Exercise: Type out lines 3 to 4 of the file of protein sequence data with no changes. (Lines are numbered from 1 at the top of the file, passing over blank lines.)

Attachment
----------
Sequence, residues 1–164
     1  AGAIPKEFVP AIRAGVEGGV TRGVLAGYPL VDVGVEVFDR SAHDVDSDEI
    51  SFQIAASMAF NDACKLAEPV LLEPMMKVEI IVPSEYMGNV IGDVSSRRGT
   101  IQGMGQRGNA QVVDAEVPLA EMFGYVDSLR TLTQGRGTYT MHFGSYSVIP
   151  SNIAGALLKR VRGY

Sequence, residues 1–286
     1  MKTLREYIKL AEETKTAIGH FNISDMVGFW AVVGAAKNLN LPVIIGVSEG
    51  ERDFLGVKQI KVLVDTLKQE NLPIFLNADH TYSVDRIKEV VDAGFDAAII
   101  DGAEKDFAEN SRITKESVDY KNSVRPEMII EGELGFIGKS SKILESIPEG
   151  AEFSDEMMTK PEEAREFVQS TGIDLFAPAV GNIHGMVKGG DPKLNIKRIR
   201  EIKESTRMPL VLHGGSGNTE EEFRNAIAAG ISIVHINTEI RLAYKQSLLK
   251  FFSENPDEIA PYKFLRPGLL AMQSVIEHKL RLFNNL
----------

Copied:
    51  SFQIAASMAF NDACKLAEPV LLEPMMKVEI IVPSEYMGNV IGDVSSRRGT
   101  IQGMGQRGNA QVVDAEVPLA EMFGYVDSLR TLTQGRGTYT MHFGSYSVIP